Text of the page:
HARTFORD, Conn. (AP) -- The largest association of Connecticut cities and towns called on a state task force Tuesday to recommend the governor and legislators increase state funding for public education, despite a continuing drop in state revenues.
James Finley, executive director of the Connecticut Conference of Municipalities, said the Education Cost Sharing grant, the largest pool of state aid for local K-12 education, is underfunded by more than $763 million. That means local property taxpayers end up shouldering the bulk of the education costs, something Finley maintains they cannot afford to continue.
But Finley said he is worried the ECS task force will become overwhelmed by the fiscal challenges currently facing the state and not recommend that substantially more money be invested into the ECS grant program or special education.
"My advice to them and what towns and cities across Connecticut are saying is, 'you don't have to have to fully fund this in one year,'" he said. "But make that funding commitment; because right now, I think by anyone's estimation, the state is not meeting its state constitutional responsibilities to adequately fund pre-K through 12 public education."
Last week, Democratic Gov. Dannel P. Malloy's office announced that the latest estimates from the state's legislative and executive branch budget offices show the state's tax revenues had fallen behind by $52.7 million since April, when the last revenue estimates were released. Republican lawmakers quickly pointed out how state revenues in total have fallen at least $128 million, and as much as $205 million, behind what was originally budgeted, triggering the need for a deficit-cutting plan.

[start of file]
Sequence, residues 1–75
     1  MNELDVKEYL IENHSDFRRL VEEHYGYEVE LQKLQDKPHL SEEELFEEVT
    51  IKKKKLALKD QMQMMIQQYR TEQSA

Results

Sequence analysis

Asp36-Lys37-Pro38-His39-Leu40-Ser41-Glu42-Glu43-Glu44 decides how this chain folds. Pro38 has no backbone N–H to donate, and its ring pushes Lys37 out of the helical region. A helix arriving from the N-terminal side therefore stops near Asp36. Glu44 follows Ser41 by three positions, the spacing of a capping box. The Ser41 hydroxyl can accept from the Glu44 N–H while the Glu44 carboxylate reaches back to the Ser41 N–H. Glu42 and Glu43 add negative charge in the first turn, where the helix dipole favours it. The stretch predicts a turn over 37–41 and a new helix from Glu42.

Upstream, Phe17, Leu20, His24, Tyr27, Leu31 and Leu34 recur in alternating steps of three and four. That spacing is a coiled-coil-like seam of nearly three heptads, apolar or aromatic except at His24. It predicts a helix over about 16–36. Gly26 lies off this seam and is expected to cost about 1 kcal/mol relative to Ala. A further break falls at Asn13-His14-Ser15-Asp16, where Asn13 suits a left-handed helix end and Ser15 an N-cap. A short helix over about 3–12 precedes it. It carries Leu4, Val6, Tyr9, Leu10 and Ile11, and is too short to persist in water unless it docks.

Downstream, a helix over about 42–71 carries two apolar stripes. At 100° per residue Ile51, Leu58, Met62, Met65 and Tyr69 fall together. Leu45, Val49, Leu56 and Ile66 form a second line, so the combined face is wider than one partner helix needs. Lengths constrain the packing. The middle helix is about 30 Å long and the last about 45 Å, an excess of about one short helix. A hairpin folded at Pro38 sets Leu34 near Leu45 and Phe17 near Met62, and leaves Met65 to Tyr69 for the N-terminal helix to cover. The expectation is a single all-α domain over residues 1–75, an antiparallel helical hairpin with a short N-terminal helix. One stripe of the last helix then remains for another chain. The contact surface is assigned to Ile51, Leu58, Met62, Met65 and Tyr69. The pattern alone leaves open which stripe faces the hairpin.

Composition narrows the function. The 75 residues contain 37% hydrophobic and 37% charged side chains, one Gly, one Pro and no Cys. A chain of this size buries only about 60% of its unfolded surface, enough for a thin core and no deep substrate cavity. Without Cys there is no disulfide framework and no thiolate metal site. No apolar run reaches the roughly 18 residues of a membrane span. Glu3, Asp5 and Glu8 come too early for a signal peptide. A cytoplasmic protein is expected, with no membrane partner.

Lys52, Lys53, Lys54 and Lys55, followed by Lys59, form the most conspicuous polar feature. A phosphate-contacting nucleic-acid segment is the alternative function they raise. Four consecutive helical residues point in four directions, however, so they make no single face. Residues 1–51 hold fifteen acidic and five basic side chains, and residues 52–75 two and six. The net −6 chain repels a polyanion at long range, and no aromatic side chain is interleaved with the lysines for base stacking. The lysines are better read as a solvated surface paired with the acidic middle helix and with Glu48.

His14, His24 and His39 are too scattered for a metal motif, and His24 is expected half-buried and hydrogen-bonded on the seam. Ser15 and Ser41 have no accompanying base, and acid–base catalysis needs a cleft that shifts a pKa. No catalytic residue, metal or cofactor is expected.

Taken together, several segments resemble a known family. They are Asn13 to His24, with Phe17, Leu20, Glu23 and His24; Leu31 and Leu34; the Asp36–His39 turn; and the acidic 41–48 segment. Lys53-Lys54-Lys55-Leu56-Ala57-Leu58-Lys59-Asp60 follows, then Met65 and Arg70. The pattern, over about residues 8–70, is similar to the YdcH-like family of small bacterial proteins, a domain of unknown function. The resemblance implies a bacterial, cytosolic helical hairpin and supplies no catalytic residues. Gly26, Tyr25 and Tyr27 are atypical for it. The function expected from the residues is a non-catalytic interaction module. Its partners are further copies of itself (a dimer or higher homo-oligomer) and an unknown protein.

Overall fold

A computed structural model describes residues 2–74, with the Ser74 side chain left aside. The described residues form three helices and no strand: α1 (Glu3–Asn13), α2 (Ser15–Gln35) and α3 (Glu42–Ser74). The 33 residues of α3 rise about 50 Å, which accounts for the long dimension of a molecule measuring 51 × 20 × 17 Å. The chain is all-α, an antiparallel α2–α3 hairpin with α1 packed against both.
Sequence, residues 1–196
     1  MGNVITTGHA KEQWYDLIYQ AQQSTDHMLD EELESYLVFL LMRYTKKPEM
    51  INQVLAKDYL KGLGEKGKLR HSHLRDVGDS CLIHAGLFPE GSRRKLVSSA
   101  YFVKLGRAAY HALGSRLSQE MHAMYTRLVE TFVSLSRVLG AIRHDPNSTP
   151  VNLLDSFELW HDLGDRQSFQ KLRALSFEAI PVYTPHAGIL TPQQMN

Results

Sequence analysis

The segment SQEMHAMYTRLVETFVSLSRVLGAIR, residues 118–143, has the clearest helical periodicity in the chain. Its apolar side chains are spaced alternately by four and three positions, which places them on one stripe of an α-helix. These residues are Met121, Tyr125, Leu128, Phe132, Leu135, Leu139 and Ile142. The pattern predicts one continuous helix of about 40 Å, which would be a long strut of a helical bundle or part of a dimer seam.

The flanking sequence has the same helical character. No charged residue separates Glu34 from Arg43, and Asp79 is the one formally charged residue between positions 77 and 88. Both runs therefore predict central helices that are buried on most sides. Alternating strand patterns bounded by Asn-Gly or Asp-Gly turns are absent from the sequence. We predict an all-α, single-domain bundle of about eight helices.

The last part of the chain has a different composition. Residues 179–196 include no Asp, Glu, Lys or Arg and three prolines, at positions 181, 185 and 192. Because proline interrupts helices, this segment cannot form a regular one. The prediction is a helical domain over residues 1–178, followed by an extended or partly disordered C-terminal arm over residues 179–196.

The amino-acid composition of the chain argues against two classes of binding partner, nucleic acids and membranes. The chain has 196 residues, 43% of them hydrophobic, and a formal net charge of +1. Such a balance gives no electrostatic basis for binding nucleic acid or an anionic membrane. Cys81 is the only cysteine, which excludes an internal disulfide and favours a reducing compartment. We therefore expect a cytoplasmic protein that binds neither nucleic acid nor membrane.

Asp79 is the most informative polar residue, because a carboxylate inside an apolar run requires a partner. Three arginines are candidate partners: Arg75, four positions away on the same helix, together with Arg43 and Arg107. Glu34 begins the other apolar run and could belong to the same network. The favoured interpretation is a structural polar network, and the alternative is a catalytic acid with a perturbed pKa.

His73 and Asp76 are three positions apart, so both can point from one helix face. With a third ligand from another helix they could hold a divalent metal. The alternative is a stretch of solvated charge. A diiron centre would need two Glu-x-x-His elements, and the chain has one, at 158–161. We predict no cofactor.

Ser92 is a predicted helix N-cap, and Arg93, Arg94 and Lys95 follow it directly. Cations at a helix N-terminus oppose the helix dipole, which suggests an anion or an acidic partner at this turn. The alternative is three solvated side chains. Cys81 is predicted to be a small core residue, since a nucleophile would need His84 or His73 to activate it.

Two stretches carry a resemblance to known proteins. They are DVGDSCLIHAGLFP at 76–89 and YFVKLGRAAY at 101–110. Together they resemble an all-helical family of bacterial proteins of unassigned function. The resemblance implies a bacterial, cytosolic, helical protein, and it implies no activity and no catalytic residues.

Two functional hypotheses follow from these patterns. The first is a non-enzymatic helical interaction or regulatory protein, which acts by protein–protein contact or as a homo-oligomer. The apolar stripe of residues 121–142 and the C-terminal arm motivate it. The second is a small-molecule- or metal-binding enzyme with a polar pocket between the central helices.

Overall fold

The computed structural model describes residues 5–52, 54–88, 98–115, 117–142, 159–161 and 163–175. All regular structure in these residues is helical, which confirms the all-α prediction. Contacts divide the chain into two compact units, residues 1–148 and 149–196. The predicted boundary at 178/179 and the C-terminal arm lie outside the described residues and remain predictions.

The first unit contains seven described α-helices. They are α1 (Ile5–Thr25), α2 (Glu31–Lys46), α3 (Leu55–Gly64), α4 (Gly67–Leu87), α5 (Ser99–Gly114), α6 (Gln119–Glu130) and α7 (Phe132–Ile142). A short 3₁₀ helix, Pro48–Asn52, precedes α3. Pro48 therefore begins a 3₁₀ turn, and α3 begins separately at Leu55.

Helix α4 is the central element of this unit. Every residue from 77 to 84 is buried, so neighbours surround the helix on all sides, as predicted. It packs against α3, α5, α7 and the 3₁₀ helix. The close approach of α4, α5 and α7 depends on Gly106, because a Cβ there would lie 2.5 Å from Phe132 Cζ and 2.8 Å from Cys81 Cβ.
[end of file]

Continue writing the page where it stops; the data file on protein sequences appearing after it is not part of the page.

Benjamin Barnes, Malloy's budget director is scheduled to provide an overview on Wednesday to the legislature's Appropriations Committee on the state's finances, and an update on budget shortages facing various state agencies.
Barnes, who is a leader of the ECS task force, said the group recommendations could be ready by the end of the month. He said they're not being based on CCM's projection that ECS is underfunded by more than $763 million. Barnes maintains there is no legal obligation for the state to fund the grant program at any specific level.
Barnes said he also does not believe the task force's recommendations will be bound by the state's budget challenges.
"However, I think the governor is committed to living within our means and balancing the budget and that is always a challenge and always forces us to make decisions about spending priorities," he said. "Education is clearly a huge priority of the governor's and I expect you'll see that reflected in his budget."
The new legislative session begins in January, and Malloy is expected to present a new, two-year budget in February.